The Aberdeen Supply Chain Summit in Chicago earlier this month was a productive event for supply chain executives and practitioners. The conference format and size were just right to allow comfortable sharing of ideas and lessons learned about various topics from S&OP and supply chain planning, to inventory optimization and transportation. I personally enjoyed the lunch networking session on the first day, where I joined a discussion that allowed me to become happily immersed in deep conversations about S&OP.
I also had the pleasure of hosting a roundtable session on supply chain segmentation along with Bob Heaney , Aberdeen’s lead analyst for Supply Chain Management. Twenty-five executives from pharmaceutical, CPG, retail, logistics and B2B/industrial industries were part of this insightful and interactive discussion.
It was the general consensus of the group that there is value to be delivered from supply chain segmentation. In many cases, supply chain segmentation is inevitable; as businesses grow and adapt to the changing market landscape, it becomes necessary to develop segmented/differentiated ways to respond to customer demand. The traditional view of serving all demand equally is no longer appropriate because of increased supply chain complexity, lead time variations, logistics costs, capacity constraints, and the impacts on profitability.
The discussion was aligned with the strategy and recommendations that JDA offers and implements with our customers, with additional observations based on the continuous evolvement and adaptation of supply chain management in the marketplace. For example, one of the participants in the session shared that his company has four supply chains. Each supply chain delivers different products for different set of customers, using different supply chain flows and service policies.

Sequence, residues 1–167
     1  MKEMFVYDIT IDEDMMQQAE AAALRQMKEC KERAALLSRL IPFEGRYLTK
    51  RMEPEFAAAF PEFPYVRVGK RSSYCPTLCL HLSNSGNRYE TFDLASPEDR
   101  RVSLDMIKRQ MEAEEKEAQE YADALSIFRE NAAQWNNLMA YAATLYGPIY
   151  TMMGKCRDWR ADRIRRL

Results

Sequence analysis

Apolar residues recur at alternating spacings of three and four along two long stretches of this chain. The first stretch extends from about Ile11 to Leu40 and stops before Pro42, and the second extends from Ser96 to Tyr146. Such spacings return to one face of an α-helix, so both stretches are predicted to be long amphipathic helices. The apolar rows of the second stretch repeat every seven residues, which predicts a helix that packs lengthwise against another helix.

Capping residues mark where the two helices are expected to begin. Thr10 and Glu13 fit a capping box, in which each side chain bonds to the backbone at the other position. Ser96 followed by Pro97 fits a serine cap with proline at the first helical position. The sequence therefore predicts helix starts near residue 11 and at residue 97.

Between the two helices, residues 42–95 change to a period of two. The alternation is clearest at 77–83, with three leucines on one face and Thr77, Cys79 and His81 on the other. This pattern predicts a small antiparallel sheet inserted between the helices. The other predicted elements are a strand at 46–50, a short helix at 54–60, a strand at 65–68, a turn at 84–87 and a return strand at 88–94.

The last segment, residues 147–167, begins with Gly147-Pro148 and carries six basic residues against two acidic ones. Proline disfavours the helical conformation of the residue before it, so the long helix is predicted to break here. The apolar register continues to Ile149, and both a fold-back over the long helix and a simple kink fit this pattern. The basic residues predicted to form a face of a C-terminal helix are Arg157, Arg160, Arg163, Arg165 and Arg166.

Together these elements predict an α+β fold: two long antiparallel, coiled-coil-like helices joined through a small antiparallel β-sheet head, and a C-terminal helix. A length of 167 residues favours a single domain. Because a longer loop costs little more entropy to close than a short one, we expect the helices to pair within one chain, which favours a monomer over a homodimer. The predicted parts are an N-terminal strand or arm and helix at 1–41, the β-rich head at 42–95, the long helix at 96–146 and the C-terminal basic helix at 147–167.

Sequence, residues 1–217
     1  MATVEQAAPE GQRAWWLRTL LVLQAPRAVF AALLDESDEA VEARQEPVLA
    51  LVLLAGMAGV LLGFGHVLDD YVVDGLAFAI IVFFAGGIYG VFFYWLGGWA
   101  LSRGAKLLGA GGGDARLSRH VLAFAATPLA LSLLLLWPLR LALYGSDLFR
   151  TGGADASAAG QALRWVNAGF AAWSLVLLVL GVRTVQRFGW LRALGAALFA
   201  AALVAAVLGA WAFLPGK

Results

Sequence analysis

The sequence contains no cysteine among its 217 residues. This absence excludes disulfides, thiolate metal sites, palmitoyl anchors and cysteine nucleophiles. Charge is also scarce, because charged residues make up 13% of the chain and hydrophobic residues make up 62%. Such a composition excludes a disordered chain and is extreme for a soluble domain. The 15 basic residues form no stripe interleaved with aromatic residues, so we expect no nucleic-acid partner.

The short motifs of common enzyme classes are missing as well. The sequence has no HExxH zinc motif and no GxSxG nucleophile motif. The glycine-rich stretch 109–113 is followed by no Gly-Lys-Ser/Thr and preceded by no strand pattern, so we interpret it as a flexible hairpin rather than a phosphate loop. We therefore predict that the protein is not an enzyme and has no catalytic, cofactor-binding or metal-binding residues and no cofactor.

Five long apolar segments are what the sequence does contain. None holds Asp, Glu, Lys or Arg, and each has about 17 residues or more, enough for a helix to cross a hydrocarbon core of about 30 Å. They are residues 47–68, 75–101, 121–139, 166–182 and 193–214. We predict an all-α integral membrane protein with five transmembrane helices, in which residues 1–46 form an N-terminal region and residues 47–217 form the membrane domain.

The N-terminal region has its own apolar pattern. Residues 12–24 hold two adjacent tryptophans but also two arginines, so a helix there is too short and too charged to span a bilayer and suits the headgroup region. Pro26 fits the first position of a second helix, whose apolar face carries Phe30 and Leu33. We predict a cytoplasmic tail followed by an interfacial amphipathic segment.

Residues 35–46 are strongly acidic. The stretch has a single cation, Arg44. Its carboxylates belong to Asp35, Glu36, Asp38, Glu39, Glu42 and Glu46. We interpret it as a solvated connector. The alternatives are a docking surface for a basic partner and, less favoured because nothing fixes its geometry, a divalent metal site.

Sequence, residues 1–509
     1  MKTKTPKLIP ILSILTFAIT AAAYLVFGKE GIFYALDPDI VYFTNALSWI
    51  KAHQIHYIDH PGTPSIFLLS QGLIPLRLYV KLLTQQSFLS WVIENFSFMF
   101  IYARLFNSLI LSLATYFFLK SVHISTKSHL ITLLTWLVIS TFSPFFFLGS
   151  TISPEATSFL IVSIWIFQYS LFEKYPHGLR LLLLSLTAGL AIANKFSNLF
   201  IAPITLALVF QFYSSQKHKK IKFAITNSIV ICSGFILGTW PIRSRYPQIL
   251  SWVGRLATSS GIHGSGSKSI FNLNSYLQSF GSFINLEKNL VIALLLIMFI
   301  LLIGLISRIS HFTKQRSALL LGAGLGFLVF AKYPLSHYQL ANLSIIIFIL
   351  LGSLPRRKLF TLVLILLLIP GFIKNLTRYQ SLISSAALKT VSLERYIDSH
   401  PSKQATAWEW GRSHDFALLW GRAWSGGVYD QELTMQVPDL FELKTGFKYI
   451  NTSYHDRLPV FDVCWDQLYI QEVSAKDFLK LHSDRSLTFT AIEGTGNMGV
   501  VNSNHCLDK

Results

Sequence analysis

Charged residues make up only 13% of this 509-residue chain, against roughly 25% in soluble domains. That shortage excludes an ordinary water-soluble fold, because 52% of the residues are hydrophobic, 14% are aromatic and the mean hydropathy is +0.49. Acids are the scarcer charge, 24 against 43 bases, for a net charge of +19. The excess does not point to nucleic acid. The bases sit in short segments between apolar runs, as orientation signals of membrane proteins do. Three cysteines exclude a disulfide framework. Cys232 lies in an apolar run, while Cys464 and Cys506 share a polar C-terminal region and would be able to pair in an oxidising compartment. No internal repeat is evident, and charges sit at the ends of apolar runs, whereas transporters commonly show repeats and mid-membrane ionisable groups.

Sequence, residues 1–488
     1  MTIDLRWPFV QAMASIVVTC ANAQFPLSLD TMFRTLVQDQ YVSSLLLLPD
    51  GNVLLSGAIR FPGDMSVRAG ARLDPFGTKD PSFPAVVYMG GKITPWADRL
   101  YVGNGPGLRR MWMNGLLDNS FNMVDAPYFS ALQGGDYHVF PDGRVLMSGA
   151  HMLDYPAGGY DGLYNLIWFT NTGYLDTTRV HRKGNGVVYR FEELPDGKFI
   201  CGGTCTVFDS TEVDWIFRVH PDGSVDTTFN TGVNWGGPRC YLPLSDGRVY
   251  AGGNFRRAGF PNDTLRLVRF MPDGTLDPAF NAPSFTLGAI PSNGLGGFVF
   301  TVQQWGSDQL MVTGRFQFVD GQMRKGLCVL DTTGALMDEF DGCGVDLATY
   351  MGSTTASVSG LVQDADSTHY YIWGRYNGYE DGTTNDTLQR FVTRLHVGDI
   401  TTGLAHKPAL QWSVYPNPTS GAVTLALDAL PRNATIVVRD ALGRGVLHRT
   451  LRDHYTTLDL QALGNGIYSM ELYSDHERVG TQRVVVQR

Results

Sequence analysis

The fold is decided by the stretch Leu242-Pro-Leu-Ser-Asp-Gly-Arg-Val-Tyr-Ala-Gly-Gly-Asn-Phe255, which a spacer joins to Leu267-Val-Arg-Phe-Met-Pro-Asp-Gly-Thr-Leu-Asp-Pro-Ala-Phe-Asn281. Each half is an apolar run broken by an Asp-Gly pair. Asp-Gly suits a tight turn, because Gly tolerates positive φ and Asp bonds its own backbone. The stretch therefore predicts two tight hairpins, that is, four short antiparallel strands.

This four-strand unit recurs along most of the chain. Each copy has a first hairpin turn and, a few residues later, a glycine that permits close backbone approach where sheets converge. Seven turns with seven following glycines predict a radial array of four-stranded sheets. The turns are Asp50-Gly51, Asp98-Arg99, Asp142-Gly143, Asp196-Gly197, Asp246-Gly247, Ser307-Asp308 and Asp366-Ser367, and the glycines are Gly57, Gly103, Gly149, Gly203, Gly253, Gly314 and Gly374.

There were a lot of good points raised during the session ‒ enough to write a robust report or multiple blog posts! Instead, I’ll just list some of the interesting comments below:
1. Supply chain segmentation is not just about efficiency or customer service, it’s about profitability.
2. Profitability should be the main driver of a segmentation strategy.
3. Typical segmentation starts with the customers, based on profitability or their strategic importance.
4. Segmentation needs to consider the tradeoffs between customer profitability, costs, service and products.
5. The supply chain segmentation discussion is usually initiated by the supply chain group, but it is critical to have everyone in the company aligned and agree to execute according to the segmentation strategy.
6. It is critical to align the whole organization on the right metrics, otherwise the segmentation will fall apart.
7. S&OP should be the process used to align the organization. There may be an S&OP for each segment but companies should also think about a roll-up S&OP at the executive level.
8. Education and training is critical to ensure that execution is aligned across sales, marketing, supply chain, operations, etc.
9. It’s important to get customer buy-in for your segmentation strategy. Show them the shared benefits, perhaps using a scorecard on regular basis, so they support your initiative and even perhaps set goals to enhance the existing partnership.
I’d love to extend the conversation beyond the roundtable by reading your thoughts and comments. Are these on target? What’s missing? I encourage you to post and share your thoughts with me.